PORTLAND — Ethan Strimling is hoping his track record of getting things done will earn him a second term as mayor.


“A second four-year term is going to allow us to continue to achieve the type of results we did in the first term, results that really matter for working class families,” Strimling said Oct. 11 on the steps of City Hall.

Successes in his first term, he said, include offering a property tax relief program for seniors and fully capitalizing on the housing trust fund, as well as passing a pesticide ban, a construction bond for renovation work at four city elementary schools and the largest investment in school budgets over the last two years.

“I am running again to make sure that stuff doesn’t get rolled back,” he said. “I want to make sure schools continue to be as strong as they can be.”


His re-election pursuit doesn’t come without challengers. He is running against restaurant worker Travis Curran, former School Board Chairman Kate Snyder and District 2 City Councilor Spencer Thibodeau in the Nov. 5 election.

Strimling, who has run for local, state and federal offices, said this election season has been interesting given “the real, ideological differences between candidates.” One topic that candidates disagree on is the decision to built a homeless shelter on Riverside Street to replace the current Oxford Street Shelter.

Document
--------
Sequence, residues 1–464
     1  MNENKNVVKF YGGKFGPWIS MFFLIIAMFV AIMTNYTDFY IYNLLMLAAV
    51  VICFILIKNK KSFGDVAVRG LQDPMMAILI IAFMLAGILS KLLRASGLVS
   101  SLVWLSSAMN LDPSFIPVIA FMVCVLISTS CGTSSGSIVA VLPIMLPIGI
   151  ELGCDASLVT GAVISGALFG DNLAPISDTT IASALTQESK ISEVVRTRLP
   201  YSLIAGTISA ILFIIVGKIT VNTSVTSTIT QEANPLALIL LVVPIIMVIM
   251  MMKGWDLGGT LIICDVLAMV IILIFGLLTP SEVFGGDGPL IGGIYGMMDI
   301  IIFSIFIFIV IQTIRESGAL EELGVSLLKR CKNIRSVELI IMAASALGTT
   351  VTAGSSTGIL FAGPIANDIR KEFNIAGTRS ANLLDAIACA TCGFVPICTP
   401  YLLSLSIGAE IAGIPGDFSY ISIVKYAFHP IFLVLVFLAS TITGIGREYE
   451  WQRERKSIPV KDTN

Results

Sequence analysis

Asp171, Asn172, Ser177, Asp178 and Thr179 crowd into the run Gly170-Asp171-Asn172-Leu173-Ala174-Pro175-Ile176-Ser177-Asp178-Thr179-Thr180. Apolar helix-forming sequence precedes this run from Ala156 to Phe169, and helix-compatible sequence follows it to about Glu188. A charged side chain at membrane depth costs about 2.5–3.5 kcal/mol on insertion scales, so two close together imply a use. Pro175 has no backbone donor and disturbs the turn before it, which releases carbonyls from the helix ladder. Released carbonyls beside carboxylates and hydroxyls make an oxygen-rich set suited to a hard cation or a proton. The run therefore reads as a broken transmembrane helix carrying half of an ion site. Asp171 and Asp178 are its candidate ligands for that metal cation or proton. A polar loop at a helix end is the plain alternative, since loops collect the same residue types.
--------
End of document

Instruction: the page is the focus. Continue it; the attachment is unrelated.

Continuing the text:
“I will ask the new council to reconsider its decision in my second term,” Strimling said. “It’s hard to find anybody who thinks (the shelter there) is a good idea. Simply to think that we can throw enough resources at it to make it work is not an appropriate or practical decision.”

Strimling would rather see smaller homeless shelters across the city. Scattered shelter sites are already offered in the city with the Milestone Recovery shelter, the family shelter, teen shelter, Florence House and Through these Doors.

“The value of scattered sites is, you can specialize and make sure you provide the services you need there,” he said.

Strimling said if elected to another term, he would like to introduce a $15 an hour minimum wage in the city; a new $10 million housing bond to build affordable units; expand property tax relief to all ages; expand Greater Portland Metro to offer services every 15 minutes; create a transit line that connects the East End with Lewiston; install solar panels on school and municipal buildings and introduce a universal pre-K program in the school system for 4 year olds.


“These are essential programs we need to fund,” he said.

Strimling said we also put a focus on the city’s middle class.

“My vision for Portland is one that retains the middle class that built this city and ensure they don’t get squeezed out. We are in the midst of a huge economic boom, but that is not being distributed. We are feeling the pinch,” he said.

To afford a median home, assessed at $318,000 in the city, Strimling said a household needs to make at least $102,000, which is more than double the average median income in Portland.

He reflects on the values of Portland, and that’s what sets him apart, he said.  He supports paid sick leave, a clean elections program for municipal elections and a rise in the minimum wage, topics his opponents, he said, have failed to address. He also points to his list of endorsements, which includes many current or former city and state officials, labor unions, leaders of the immigrant communities, and state-wide education groups.

“That type of coalition building is what you need to do to get this job done,” he said.

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